Gerard Kitchen O’Neill is an American astrophysicist from the 1970s known for his many theories about space colonies. He believes that in the fairly near future it will be possible to live outside our planet. Nearly 50 years after this theory emerged, space colony projects are still in an embryonic stage.
Article recently published in the journal Frontiers in astronomy and space scienceHowever, back to this idea. In particular, it deals with the necessary means (technically and financially) to build a space colony. Led by astrophysicist Adam Frank, a group of students pondered the question for months.
Do you live on Mars? No thank you
According to the article, one of the most interesting items in the solar system to build a colony base there would undoubtedly be a near-Earth asteroid. The study quickly focused on Bennu, a 260-meter-diameter chunk of rock.
In the 1970s, O’Neill’s work had already shown that it would be easier for asteroids to conquer space than for planets. The researcher explained that for a space colony, the worst enemy is not the absence of oxygen or an atmosphere but gravity.
Taking off from Earth, Mars or Venus is much more difficult than taking off from a small asteroid like Bennu. Supply missions, which are mandatory in this type of project, will be much simpler than a moon or an asteroid. From an energy point of view, the choice of NEO also makes sense.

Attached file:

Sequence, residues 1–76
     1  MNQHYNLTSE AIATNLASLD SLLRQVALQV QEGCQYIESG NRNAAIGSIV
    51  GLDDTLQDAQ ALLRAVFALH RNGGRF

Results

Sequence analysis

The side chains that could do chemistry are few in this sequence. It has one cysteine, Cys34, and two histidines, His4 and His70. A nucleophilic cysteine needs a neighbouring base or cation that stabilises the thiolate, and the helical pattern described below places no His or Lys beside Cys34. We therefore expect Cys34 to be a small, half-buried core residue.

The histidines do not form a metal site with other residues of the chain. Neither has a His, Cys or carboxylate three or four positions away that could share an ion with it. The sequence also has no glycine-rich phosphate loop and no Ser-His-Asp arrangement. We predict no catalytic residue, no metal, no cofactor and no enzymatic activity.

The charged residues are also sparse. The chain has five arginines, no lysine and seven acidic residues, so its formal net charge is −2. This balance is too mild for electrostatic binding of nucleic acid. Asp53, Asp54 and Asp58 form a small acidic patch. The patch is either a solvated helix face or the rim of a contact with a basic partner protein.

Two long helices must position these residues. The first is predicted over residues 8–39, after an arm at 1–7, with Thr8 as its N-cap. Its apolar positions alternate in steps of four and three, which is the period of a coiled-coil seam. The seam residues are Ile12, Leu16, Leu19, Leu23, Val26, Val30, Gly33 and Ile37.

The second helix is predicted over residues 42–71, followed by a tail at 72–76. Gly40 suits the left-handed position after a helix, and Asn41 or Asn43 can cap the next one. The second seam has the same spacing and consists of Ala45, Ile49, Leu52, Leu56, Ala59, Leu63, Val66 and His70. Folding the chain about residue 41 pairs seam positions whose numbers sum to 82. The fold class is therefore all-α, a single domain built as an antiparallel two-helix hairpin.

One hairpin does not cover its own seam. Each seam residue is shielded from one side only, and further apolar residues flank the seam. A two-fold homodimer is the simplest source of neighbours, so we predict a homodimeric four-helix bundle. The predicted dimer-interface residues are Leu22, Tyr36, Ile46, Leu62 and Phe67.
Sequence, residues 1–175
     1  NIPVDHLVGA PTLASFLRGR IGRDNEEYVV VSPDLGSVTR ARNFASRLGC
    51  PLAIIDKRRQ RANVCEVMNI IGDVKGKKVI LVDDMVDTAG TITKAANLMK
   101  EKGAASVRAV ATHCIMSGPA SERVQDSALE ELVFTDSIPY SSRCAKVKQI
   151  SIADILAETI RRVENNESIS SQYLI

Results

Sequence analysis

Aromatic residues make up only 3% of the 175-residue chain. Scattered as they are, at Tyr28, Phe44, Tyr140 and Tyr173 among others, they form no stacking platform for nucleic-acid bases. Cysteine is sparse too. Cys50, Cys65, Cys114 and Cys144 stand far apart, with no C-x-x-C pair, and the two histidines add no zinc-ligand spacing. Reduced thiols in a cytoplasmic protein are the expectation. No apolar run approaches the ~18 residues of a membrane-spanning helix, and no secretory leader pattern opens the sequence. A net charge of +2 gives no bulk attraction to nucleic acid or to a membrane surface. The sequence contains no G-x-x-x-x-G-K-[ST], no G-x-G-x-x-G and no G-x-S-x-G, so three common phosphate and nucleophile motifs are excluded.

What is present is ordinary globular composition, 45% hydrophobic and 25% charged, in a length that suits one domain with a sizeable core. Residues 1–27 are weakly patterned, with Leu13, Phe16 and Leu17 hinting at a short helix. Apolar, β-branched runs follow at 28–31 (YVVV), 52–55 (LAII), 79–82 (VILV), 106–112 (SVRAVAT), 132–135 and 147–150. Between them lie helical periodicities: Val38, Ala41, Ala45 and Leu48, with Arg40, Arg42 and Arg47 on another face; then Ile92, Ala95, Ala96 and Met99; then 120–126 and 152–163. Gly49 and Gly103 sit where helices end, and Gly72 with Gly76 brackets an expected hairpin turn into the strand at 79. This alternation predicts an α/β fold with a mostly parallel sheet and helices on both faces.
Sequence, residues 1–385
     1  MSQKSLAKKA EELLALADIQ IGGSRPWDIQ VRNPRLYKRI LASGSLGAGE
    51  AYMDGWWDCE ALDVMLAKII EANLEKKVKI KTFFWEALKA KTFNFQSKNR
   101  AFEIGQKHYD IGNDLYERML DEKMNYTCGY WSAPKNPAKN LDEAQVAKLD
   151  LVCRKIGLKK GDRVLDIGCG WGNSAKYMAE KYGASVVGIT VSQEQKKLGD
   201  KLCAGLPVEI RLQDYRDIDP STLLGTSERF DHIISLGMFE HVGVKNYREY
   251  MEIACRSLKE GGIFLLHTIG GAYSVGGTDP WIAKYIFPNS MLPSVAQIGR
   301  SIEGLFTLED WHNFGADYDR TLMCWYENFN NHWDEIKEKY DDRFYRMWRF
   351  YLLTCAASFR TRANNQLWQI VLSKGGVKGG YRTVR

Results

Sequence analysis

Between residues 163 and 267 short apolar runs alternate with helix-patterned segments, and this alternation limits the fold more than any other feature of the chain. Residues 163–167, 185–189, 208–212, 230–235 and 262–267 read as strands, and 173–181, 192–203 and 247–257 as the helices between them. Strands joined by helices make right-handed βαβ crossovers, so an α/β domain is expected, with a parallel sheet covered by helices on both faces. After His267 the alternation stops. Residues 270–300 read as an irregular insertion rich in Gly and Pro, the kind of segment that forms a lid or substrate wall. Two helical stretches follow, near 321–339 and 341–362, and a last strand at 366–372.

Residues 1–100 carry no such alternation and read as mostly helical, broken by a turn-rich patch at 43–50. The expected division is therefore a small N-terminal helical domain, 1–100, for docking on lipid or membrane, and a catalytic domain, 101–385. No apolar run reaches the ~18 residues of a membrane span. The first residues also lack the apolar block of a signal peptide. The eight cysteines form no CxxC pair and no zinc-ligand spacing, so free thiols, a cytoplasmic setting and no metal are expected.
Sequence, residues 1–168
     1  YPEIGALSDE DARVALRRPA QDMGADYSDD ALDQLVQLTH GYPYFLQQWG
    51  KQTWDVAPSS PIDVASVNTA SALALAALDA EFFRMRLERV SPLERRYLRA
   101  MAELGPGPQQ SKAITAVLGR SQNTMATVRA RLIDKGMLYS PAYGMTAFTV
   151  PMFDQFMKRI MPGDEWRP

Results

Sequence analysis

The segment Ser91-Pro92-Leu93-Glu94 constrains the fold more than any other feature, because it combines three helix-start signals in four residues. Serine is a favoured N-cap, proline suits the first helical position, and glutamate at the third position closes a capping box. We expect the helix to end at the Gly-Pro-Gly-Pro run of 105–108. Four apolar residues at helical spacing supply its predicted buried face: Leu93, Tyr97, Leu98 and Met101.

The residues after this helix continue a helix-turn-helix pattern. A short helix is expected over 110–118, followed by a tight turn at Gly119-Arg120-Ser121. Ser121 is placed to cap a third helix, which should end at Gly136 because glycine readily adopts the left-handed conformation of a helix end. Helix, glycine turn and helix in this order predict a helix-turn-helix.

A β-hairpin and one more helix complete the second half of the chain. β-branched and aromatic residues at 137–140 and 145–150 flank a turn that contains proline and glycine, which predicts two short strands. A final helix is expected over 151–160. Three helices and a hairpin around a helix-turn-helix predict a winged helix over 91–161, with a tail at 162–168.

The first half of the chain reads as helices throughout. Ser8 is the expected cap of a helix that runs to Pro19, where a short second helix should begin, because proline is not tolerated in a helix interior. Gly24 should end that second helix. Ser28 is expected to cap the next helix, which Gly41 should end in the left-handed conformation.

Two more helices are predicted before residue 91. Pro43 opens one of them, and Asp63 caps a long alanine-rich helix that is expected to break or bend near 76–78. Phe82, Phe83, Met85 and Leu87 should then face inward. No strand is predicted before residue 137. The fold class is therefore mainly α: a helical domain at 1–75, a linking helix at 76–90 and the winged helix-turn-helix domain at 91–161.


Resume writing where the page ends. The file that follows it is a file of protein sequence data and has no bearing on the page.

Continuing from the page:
Unlike a planet like Earth, beno Always watered in sunlight. The night is not there. With this new environment, solar energy can be maximized, allowing the colony to be actively self-sufficient. The electricity produced will be used specifically for the formation of oxygen via the hydrolysis system.
Independent and profitable space colonies
In his conclusion, O’Neill has reached the point where space colonies will be developed so that they are “profitable” to Earth. By pushing his theory to its limits, the researcher ensures that the colony’s energy production can be greater than demand.
After autonomy is passed, a kind of trade towards the land can be established. The space colonies will then be able to sell back part of their production to the blue ball.
If all this theory is still far from reality, advances in robotics and artificial intelligence are reigniting the flame of hope. According to Adam Frank, the first experimental space colonies could see the light of day in the 1950s. And on the NASA side, the project that comes closest to this idea is building Gatea space station orbiting the moon.
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